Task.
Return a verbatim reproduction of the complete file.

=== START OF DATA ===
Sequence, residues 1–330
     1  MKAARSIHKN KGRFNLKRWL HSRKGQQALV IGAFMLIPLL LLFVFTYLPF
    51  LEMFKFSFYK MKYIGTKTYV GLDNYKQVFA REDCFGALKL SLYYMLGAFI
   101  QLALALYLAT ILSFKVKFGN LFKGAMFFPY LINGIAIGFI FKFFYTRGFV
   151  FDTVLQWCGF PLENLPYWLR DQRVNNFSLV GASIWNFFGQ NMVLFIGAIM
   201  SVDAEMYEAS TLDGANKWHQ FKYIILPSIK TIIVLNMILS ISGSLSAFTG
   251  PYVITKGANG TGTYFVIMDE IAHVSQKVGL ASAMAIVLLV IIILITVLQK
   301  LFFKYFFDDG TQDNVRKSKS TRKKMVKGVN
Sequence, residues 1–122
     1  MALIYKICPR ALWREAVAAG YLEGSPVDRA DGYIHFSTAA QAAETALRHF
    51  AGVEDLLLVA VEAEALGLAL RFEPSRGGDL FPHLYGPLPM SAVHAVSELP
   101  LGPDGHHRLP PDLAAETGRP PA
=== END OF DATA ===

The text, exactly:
Sequence, residues 1–330
     1  MKAARSIHKN KGRFNLKRWL HSRKGQQALV IGAFMLIPLL LLFVFTYLPF
    51  LEMFKFSFYK MKYIGTKTYV GLDNYKQVFA REDCFGALKL SLYYMLGAFI
   101  QLALALYLAT ILSFKVKFGN LFKGAMFFPY LINGIAIGFI FKFFYTRGFV
   151  FDTVLQWCGF PLENLPYWLR DQRVNNFSLV GASIWNFFGQ NMVLFIGAIM
   201  SVDAEMYEAS TLDGANKWHQ FKYIILPSIK TIIVLNMILS ISGSLSAFTG
   251  PYVITKGANG TGTYFVIMDE IAHVSQKVGL ASAMAIVLLV IIILITVLQK
   301  LFFKYFFDDG TQDNVRKSKS TRKKMVKGVN
Sequence, residues 1–122
     1  MALIYKICPR ALWREAVAAG YLEGSPVDRA DGYIHFSTAA QAAETALRHF
    51  AGVEDLLLVA VEAEALGLAL RFEPSRGGDL FPHLYGPLPM SAVHAVSELP
   101  LGPDGHHRLP PDLAAETGRP PA